Deciding your success: Look withinDale Vermillionknowledgeable, responsible, ultimate goal, integrity
To be successful, you must decide what success truly
Every one of us has been affected, and probably embarrassed, by
the slew of bad press regarding the mortgage industry as of late.
Recently, Money Magazine published an article titled
"Mortgage Brokers: The salesman factor: The right mortgage broker
is golden—a pro who can put you in the ideal loan at the
right rate. The wrong one can hang you out to dry." Clearly, the
title alone suggests that there is a question in the public eye as
to the ethics of mortgage professionals. It seems that everyone is
pointing at everyone else as to the cause of the problem. I once
read a statement where a very wise man said, "I have determined the
problem with the world—it is me!" The fact is that each of
us, as mortgage professionals, is responsible for the reputation of
our industry, as well as our own reputation. Our actions and not
our words ultimately determine this. So, here's my question for you
today: Are you one of the "golden" mortgage professionals referred
to in the article? As mortgage professionals, we can take proactive
measures to ensure that we are classified in the "golden" class.
I'd like to share some of my thoughts with you on this subject.
Let me begin by saying that just being knowledgeable about your
products and your lending laws is not nearly enough. Although
essential to being a successful and responsible mortgage
professional, these are not the end-all answer. The real key is to
apply some good old-fashioned introspection. At the end of the day,
we all have to ask ourselves these questions:
•What is my ultimate goal as a mortgage professional? Am I
putting my customers or my commissions first?
•Did my actions today support my goals? Did I display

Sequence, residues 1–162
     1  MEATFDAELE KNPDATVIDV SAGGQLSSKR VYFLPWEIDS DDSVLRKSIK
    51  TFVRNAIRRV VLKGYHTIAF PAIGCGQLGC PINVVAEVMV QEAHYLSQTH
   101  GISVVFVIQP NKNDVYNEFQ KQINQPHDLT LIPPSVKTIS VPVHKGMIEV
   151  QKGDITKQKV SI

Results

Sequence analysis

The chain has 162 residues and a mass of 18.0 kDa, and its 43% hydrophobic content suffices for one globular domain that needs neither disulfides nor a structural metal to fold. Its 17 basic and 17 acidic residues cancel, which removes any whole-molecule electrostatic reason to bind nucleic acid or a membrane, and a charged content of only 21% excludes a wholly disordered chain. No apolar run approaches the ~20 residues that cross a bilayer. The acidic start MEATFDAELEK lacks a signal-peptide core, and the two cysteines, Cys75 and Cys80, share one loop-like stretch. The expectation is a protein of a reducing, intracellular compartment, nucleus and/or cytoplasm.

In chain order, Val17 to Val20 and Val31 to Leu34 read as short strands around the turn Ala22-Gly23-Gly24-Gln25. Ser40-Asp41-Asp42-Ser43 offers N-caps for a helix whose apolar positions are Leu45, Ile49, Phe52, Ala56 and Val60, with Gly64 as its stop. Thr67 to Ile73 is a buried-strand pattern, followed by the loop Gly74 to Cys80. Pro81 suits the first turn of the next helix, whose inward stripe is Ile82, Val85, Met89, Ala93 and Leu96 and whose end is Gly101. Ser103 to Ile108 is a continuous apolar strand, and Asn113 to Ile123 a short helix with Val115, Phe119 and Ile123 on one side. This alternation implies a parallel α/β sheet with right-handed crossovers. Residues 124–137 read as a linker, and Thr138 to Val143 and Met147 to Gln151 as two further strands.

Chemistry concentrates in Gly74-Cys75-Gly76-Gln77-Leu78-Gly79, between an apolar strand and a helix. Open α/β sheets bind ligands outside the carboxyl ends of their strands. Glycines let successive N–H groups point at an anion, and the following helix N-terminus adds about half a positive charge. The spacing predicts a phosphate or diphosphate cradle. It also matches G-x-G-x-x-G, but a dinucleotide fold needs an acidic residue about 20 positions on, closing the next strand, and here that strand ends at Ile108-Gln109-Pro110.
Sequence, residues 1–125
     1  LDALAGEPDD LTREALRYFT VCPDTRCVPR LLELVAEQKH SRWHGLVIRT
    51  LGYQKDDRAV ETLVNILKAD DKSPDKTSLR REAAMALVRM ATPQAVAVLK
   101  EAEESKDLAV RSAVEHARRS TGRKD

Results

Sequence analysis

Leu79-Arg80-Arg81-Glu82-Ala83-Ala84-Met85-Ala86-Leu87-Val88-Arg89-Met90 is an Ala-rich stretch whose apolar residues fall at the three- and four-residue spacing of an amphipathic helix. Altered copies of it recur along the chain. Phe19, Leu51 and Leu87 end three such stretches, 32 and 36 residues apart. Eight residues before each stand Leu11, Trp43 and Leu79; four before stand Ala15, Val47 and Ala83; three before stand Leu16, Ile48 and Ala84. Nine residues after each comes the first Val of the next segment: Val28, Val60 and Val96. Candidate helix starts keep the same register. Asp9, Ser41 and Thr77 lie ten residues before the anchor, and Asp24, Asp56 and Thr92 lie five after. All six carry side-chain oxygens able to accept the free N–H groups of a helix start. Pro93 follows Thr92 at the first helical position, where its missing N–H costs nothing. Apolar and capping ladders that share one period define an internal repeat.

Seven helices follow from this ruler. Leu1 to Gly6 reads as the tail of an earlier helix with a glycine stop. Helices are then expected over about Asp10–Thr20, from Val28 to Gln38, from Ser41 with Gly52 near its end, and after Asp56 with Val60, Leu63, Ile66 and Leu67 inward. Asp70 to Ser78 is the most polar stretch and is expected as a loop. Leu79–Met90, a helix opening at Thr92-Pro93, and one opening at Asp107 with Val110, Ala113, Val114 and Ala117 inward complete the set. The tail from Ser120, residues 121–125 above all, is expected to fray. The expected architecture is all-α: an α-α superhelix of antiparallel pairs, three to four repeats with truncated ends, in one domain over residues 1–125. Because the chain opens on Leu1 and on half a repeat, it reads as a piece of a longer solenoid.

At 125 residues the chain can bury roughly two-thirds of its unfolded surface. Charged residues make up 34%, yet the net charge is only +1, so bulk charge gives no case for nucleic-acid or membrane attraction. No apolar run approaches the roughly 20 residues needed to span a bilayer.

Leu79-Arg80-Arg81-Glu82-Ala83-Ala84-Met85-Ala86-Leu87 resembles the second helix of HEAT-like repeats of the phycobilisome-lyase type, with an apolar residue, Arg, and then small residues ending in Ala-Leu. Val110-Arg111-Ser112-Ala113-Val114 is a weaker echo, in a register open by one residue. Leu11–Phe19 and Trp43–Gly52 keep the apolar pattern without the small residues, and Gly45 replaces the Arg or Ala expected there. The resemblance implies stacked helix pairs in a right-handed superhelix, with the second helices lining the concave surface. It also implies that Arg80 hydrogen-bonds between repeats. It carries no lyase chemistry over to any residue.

integrity in everything I did?
•Am I developing meaningful, honest relationships with my
•Am I offering the right products to my customers for both
their short- and long-term needs? Did I make a positive and
long-term difference in the life of my borrowers today?
Let's take these questions one at a time.
What is my ultimate goal as a mortgage professional? Am
I putting my customers or my commissions first?
If you are like the hundreds of thousands I have met whose primary
goal it is to make money, I would encourage you to immediately
change your goal! With that as your goal, you are destined to fail.
Although making money in and of itself is not a bad thing, making
money your primary goal is. It leads to a slew of problems. First,
it may lead you to compromise your integrity. When money is the
primary goal, people do things they wouldn't normally do to
succeed. Rationalization and justification become our modus
operandi. Penn State coach Joe Paterno put it this way: "Success
without honor is an unseasoned dish; it will satisfy your hunger,
but it won't taste good." By putting money before your customers,
they will sense it. They will know that you are not looking out for
their best interests, but your own, and usually go with someone
else. And even if they do close, they surely won't give you any
Your goal should be to make a difference in the lives of your
customers, first and foremost. If you change their lives in a
positive way, they will change your life by not only buying from
you, but also referring everyone they know. Think of yourself as a
consultant and confidant, rather than an originator. Position
yourself as someone who offers excellent and life-changing
financial products and advice.
My friend and colleague Dr. Ron Jenson put it best in his book,
"Achieving Authentic Success," when he said, "If someone has a
sense of purpose, then he can endure all the problems he faces in
getting to his goal." By making your number one goal to help
others, you will be putting your customers first. They will sense
that and want to do business with you.
Did my actions today support this goal? Did I display
integrity in everything I did?
There have been far too many people in our industry who talk the
talk but don't walk the walk. They want to believe they are helping
people; however, they are selling products that do not. Their
actions do not reflect their desired character. This includes